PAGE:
in a sense, the once long term papers become the short term or ultra short term, and they could be part of ultra short-term funds and or even of liquid funds on the passage of times. So it may happen that even your ultra -short funds holding such deteriorating papers become more credit risky. If I am not wrong, the credit quality change of F.I. UST BOND FUND- S.I. Plan by VRO - from High to Medium happens within 1-2 days, I think due to credit rating change for Jindal group companies. Otherwise also, the default of principal logically happens at the the time of maturity of the papers, so the ultra short term debt funds holding such papers risk is not less.

    Reply
    1. freefincal

      Agree with you. The portfolio of such short-term funds also matter. However as long as the default is not real, the funds will recover back fast.

      Reply
  4. Priya

    What are your thoughts on the fact that-
    1) they have lend to JSPL at SBI+100 bps/50 bps. Don't you think its too less of a return they are looking at considering the quantum of risk taken?
    2) They do not hold any collateral from JSPL?

    Reply
    1. freefincal

      I think there is a collateral (not sure, read somewhere). As for risk vs return, now that bonds have been downgraded, the return will go up

      Reply
  5. Ramesh

    In wake of Amtek fiasco I had sent a email directly to Dr. Mark Mobius complaining about incompetent debt fund Managers in his Indian arm. Specifically pointing at FISTIF I mentioned about 1. Subprime papers. 2. Borrow short and lend long policy. There was no reply from them. Only one way is wholesale boycott of such rouge fund houses by investors.

    Reply
  6. sundararajan

    I have a question on the fund ICICI Prudential Child Care Plan - Study Plan. More than 75% is in SOV or AAA bonds but still returns are very good for past 5/10 years, better or close to equity funds. But all bonds are at longer maturity periods. But I don't see modified duration or other debt fund information on this fund. Of course it has exit load for up to 3 years. Does this fund have low risk and high return ? If you get a chance , let me know. Thanks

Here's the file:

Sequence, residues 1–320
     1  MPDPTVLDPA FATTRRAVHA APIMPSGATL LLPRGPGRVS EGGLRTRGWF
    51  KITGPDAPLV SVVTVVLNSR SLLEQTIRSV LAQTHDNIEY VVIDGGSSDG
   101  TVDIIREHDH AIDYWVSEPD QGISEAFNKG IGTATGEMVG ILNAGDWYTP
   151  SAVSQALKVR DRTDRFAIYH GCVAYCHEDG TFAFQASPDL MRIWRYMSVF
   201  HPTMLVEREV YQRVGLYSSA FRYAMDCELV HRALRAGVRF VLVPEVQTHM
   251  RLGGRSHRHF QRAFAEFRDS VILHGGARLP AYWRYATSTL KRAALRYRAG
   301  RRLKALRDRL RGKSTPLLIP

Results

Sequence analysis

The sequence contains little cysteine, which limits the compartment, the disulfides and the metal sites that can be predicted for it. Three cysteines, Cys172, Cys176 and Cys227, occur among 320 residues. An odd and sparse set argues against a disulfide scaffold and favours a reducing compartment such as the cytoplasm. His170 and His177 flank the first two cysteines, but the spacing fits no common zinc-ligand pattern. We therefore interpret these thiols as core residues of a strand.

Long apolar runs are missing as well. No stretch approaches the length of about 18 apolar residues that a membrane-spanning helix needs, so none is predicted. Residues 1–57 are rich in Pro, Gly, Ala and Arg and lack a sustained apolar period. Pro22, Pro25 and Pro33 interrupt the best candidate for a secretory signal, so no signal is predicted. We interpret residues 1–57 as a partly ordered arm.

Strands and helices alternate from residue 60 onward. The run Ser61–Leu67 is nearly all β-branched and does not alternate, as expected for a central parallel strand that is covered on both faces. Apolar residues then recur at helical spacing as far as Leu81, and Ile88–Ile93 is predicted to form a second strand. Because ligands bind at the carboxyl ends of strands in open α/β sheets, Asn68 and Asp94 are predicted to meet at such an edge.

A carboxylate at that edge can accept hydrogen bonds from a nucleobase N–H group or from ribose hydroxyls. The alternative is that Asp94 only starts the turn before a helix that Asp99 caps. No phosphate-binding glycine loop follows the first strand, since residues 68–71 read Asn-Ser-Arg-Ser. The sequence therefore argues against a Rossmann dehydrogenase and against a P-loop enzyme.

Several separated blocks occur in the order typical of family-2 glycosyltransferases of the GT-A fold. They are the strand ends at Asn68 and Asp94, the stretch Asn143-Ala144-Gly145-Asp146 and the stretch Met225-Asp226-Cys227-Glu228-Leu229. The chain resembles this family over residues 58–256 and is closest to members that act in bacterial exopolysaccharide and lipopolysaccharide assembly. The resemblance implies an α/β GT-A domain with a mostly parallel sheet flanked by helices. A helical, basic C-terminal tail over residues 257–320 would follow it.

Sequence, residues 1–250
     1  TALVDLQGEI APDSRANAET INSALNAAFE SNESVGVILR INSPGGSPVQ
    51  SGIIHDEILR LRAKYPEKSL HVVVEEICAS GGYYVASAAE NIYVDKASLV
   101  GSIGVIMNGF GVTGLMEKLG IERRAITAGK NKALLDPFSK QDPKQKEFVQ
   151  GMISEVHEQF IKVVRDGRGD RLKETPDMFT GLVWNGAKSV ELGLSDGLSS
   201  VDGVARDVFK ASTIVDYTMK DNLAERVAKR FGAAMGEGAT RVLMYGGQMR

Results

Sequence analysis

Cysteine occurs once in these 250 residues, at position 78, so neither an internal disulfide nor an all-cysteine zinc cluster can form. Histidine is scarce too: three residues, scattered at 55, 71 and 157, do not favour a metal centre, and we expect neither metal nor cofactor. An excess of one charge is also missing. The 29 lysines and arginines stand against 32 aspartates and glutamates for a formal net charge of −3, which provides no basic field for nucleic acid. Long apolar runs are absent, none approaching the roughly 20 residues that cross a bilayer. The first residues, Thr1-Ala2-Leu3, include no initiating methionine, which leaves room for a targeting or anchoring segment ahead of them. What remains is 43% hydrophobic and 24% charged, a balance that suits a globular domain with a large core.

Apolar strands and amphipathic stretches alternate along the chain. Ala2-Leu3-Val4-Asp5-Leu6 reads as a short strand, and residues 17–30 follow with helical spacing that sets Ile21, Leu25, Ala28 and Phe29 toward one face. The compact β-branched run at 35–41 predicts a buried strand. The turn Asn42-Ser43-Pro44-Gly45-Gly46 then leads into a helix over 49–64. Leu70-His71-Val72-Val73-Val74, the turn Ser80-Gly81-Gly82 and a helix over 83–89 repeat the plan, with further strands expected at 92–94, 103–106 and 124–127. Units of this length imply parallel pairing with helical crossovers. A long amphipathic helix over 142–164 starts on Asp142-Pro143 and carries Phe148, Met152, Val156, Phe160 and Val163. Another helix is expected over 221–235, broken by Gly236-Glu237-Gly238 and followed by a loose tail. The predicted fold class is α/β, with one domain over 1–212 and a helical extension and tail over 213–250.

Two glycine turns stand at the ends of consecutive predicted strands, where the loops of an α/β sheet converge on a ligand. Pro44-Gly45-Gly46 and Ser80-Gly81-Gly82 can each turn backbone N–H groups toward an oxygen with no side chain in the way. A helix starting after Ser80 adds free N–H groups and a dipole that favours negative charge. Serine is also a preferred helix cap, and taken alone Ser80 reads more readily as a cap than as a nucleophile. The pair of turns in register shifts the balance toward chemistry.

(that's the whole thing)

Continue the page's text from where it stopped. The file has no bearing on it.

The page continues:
Reply
    1. freefincal

      This is a debt oriented hybird fund. VR does not list modified duration for this. You can check at Morning star or at the monthly report from AMC site. The VR style box suggest that modified duration will be quite high. There is no such thing as low risk and high return!!

      Reply
  7. B. Thomas

    Dear Sir,

    Compared to Bank Fixed Deposit and Banking & PSU debt funds - which is better?

    All the nationalised banks are having problem with NPAs and there are possiblility of credit rating downgrades for such banks. Will it affect the NAV of Banking & PSU debt funds having investment in such banks?

    Even if there are credit rating downgrades of banks having higher NPAs, since the banks are nationalised banks, I assume there will not be any risk of default. So is it possible that the NAV will go up gradually in the long term for Banking & PSU funds having investments in such banks.

    Reply